Lyndsey Stride on catching wily ponies, keeping up the breed’s quality and the joy of seeing the next generation emerge
At the heart of the New Forest is a core of large commoning families — around 700 commoners who have rights to graze their animals in the forest. Commoners come and go, but nobody starts alone.
My granny was a romantic, a Londoner who cycled all the way here and camped in the New Forest. She didn’t have a clue when she moved here in the 1930s. She was helped by Charlie Penny, who was my husband Robert’s great-grandfather.
There is nothing lovelier than going out into the forest and seeing your ponies — especially when they’ve had a foal. It’s magical. Riding in the forest alone a hobby hawk will fly by, or you’ll hear a nightjar. When we open our windows at night they fly round the house, hunting for moths.
It’s rare to see a mare foal in the forest. They disappear for a day or two and come back with their foal.
Commoners have a name for every group of trees, green and bridge, like Mallards Wood, Mouse’s Cupboard or Stinking Edge, which doesn’t smell. There is a clump of trees we call Paradise Lost, which was named by soldiers based there before D-Day. When I ride across the forest I often think of those who have been before me.
Each pony has a haunt where they live — we say they are haunted. In summertime they go and seek shade; that’s when it’s easiest to find them. They’ll find shade in the same place for generations; a tree slightly out in open where the wind takes the flies away, or a dark spinney out of sight. In days gone by, commoners would hide in the shade trees and wait there to catch a pony from the branches.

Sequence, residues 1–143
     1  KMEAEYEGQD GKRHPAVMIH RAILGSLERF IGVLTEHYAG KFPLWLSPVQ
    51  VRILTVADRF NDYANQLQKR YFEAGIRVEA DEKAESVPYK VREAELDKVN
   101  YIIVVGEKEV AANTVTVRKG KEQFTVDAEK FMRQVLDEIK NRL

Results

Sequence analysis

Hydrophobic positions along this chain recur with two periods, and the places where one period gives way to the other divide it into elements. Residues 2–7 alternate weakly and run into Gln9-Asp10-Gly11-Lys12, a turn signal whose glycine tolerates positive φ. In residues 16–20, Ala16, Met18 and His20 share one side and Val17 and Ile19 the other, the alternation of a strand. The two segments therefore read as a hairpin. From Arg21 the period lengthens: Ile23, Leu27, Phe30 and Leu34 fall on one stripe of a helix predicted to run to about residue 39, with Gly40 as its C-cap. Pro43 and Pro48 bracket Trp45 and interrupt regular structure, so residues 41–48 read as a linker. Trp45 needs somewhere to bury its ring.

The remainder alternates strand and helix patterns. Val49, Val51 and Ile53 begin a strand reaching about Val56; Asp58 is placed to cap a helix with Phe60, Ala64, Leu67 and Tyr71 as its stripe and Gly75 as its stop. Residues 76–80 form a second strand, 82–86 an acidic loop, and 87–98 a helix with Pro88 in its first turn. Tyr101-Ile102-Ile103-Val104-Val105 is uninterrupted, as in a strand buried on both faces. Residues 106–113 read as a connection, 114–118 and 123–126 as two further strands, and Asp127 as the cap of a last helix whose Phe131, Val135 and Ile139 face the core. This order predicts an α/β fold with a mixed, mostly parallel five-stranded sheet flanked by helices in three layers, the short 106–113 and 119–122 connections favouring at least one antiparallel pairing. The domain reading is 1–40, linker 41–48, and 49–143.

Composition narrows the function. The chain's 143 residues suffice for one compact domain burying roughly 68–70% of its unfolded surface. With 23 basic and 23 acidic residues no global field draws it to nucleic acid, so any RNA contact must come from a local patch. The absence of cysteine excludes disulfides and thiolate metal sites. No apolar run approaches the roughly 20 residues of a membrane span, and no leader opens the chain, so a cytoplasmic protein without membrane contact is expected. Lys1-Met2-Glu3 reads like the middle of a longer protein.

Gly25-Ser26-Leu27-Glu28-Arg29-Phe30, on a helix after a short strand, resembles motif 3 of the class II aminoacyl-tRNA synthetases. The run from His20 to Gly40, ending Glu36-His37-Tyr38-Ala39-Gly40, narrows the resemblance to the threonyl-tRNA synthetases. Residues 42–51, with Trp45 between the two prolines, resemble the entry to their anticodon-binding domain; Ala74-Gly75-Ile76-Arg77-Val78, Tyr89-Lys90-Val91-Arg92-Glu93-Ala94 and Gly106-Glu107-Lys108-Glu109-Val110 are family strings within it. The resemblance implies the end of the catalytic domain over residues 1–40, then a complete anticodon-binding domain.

The ponies aren’t easy to catch. Some are elusive and they’re the ones my husband likes best; he calls them woodland dwellers. The art of colt hunting is to outwit the ponies, letting them think they are escaping when really they are heading towards a wooden pound where they can be handled safely.
Verderers oversee the forest and employ five agisters who support the commoners. In the autumn, ponies are rounded up into wooden pounds. At that point some commoners take home their mares and foals or ponies to be sold. When you go to Beaulieu Road Pony Sale there are wooden pounds on bare earth with ponies standing happily — they’re familiar with that environment having been rounded up for generations.
Before the ponies are turned back out their tails are marked, which shows the owner has paid their commoning fee of £24. You can tell which agister’s area a pony’s owner is from by the tail cut — it might have one or two notches to the right or left.
Only quality stallions go out, up to 15 of them for six weeks. When I was a child it would have been more than 100 all year round. They were restricted for welfare reasons so we don’t have early or late foals, or too many. It’s improved the quality of the ponies and the prices, which helps to keep commoning viable.
They don’t get laminitis. They eat a natural diet and their weight varies in a natural way so they go into winter fat. I’ve never had a pony with colic, though I’ve heard of it when ponies have eaten litter.
Each morning I walk the children through the forest to the school bus, check our forest ponies and Granddad’s, then hay our cattle and riding ponies. I talk at schools and have produced a commoning education toolkit as well as curating an exhibition called “Commoning Voices”. I love helping Robert with the cattle, calving and getting our pigs out in autumn to eat the acorns. Some ponies get acorn poisoning so we’re on alert then.
The worst thing is seeing your animal in a traffic accident. In the past 15 years we’ve only lost one pony, but it happens. And it feels bigger than losing one pony, it’s those bloodlines from ponies that Robert’s grandfather gave him. It’s lasting.
We’ve bred ponies like Cuffnells Goldenrod, who was second at Horse of the Year Show in 2018, and Cuffnells Royal Fern, with whom my daughter Milly won last year’s Pony Club junior novice national endurance championship.
They learn to be ponies in the forest in a herd; they are level, rounded ponies, so when they leave they can be good performance ponies.
Robert was out riding this winter with our son Ted on Fern and they caught their first mare and foal. I saw the sense of satisfaction on Ted’s face and Fern was pleased with herself, too. It’s the next generation coming through.
Ref Horse & Hound; 20 February 2020